If you’ve never missed a loan or credit card repayment, boast a spotless record in paying utility bills, and have few or no debts, then you might be forgiven for thinking that your credit file and therefore your score is perfect. That will then translate to an effortless ability to borrow again for mortgages, cards, loans, or mobile phone contracts.
The reality is not so clear-cut. Firstly, no-one has any universal credit score, which would seem self evident from the fact that the different credit reference agencies each boast a different maximum. Experian credit ratings are marked from 999, while the Equifax maximum is 710. For each, the criteria for the various ratings differ – anything over 467 is considered excellent by Equifax, while anything over 961 is excellent for Experian.
Even if your score is excellent lenders will look at other factors such as your income and outgoings, and past history of borrowing. Aspects of your life that you may see as irrelevant might be viewed differently from a company looking from the outside in and trying to predict your future behaviour.
Too many searches and applications for credit are likely to be frowned upon, simply because lenders may believe it betrays a desperation or urgency. Similarly, a huge reservoir of credit that is sitting unused might also give off alarm signals – why is it there if it’s not being used? Is the credit card owner expecting a change in circumstances in the future? Occasional spending on a card may show evidence of organised credit use.
Credit scores fluctuate and change, based on many different factors. They’re composed of multiple factors such as credit history length, type of credit (spread of different types), payment history, and current debt – that’s a huge story of differing and diverse financial behaviour. Take the last of these factors; a simple payment of £100 on current debt might rapidly swing your score, which in turn might mean little to some lenders and plenty to others. We don’t know the difference in criteria between factors assessed by Tesco, Avant Credit, Wonga and 118 118, but we can be assured that a difference does exist.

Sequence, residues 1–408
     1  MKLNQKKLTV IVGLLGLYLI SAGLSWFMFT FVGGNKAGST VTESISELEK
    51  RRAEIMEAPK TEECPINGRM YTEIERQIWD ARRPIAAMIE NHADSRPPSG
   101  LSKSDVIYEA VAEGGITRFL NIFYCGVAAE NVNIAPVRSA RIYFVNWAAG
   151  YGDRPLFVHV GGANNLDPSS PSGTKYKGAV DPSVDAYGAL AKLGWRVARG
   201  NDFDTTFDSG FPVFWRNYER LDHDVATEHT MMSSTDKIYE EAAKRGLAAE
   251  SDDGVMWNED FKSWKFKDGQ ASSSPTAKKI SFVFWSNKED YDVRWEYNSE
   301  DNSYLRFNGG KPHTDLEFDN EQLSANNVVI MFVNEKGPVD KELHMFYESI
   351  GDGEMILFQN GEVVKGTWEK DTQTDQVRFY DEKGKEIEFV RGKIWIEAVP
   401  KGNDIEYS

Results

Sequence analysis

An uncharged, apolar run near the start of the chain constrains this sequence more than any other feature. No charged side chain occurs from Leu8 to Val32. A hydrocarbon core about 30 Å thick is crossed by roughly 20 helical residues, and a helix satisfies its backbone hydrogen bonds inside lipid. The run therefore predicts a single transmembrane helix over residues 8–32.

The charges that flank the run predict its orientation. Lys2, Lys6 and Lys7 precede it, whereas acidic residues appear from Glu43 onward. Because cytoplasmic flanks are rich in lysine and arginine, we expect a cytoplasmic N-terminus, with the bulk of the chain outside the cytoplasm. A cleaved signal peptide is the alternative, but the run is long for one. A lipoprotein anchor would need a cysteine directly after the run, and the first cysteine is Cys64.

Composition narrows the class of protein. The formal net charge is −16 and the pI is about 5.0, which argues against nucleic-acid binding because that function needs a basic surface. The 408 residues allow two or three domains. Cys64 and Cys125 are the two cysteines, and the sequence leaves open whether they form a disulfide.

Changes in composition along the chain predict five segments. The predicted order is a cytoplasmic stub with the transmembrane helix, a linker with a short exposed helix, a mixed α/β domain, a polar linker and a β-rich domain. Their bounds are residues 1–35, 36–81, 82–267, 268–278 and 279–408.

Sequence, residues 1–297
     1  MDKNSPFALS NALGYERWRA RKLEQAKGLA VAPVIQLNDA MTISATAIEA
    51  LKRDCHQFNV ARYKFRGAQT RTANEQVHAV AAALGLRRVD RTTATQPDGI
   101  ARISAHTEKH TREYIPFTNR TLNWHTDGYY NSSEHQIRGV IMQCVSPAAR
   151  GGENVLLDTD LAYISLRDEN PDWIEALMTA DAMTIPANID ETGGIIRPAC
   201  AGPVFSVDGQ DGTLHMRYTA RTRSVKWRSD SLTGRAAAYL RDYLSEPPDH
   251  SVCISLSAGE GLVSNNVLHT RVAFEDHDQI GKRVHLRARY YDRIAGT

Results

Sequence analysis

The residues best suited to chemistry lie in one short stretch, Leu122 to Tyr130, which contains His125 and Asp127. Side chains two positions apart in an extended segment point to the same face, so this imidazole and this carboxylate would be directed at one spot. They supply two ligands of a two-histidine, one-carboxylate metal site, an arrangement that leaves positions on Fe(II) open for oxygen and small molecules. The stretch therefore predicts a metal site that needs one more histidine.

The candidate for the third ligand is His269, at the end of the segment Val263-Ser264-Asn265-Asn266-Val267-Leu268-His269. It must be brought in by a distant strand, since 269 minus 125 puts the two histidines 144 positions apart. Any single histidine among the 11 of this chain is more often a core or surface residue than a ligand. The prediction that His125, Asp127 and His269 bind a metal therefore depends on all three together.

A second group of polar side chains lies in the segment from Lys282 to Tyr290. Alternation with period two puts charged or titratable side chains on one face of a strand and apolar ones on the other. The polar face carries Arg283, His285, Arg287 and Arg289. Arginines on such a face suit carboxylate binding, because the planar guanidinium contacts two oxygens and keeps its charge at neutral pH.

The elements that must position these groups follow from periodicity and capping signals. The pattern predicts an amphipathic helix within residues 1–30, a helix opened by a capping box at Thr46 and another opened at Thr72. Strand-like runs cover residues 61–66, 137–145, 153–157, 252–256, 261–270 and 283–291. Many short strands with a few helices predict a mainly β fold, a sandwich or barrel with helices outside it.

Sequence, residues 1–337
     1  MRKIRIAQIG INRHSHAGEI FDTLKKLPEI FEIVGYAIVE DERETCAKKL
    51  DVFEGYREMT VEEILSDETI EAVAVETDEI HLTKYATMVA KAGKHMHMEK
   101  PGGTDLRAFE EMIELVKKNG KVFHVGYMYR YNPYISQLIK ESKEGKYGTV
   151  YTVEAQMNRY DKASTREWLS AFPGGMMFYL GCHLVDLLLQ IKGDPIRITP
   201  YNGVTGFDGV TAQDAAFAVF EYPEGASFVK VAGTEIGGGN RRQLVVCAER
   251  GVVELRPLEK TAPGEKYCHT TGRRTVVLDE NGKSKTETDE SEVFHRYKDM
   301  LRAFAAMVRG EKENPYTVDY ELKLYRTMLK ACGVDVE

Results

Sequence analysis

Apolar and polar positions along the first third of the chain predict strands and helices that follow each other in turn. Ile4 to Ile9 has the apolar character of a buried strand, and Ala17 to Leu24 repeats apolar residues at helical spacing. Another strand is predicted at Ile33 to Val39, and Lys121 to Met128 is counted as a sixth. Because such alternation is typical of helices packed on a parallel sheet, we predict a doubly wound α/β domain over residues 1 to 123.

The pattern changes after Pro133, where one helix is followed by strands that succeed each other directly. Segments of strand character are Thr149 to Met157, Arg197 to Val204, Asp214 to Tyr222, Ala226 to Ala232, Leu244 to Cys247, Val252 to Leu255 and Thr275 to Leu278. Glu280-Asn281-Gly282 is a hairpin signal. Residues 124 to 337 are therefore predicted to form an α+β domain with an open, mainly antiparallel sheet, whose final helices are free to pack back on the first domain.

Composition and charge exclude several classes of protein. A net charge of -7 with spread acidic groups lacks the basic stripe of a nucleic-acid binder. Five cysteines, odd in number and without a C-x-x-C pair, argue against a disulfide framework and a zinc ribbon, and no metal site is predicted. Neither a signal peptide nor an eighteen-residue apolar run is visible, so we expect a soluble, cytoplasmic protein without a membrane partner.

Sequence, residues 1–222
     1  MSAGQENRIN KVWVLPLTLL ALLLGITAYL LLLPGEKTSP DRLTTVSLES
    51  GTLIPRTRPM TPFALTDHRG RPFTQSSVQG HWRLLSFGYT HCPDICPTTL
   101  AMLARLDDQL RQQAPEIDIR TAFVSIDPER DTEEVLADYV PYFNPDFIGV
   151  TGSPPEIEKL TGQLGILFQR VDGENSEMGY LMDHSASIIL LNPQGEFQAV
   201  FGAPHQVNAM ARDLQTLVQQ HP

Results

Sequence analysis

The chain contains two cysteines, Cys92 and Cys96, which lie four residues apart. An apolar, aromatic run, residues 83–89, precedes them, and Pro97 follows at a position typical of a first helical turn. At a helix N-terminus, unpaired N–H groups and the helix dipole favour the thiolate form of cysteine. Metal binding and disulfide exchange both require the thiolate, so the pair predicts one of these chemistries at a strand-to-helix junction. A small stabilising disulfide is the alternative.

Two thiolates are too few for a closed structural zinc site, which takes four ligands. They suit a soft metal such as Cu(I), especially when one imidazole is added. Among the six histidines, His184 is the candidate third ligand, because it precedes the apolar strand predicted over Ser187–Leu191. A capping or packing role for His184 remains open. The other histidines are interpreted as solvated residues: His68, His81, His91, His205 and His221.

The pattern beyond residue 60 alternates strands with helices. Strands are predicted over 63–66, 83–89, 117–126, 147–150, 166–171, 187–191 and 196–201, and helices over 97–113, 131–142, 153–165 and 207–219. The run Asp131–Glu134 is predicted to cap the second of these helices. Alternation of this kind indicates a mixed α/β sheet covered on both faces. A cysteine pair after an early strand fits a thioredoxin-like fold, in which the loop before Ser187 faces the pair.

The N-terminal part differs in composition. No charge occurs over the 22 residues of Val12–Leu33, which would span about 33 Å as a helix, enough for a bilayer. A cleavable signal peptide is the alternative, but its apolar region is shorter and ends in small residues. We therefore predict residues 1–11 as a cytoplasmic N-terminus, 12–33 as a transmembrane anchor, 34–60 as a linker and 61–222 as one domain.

There are also other, non-financial factors. Anyone with a non-permanent address or holes in their address history will, perhaps unfairly, not have a ‘perfect score’, since they’ll be giving out risk signals which indicate a lack of stability. Similarly oldCounty Court Judgments for defaulting on debts could show poor or misguided financial behaviour in the past.
We know the factors that affect the credit score, although we may be unaware of the algorithm that takes those factors and give out an individual credit score. Perhaps the more pertinent question is: “Is there any advantage to a perfect score over just an excellent one?” and the short answer is most likely no.
If you’re in the top bracket you’ll stand a greater chance of obtaining credit and a few points in either direction are unlikely to impact. Even comparing your score to others is not always useful, especially if those scores are both within the same ‘band’ and are viewed during applications to different lenders.
Therefore, don’t aim for perfection, aim for excellence – it will do you just as much good when you come to borrow.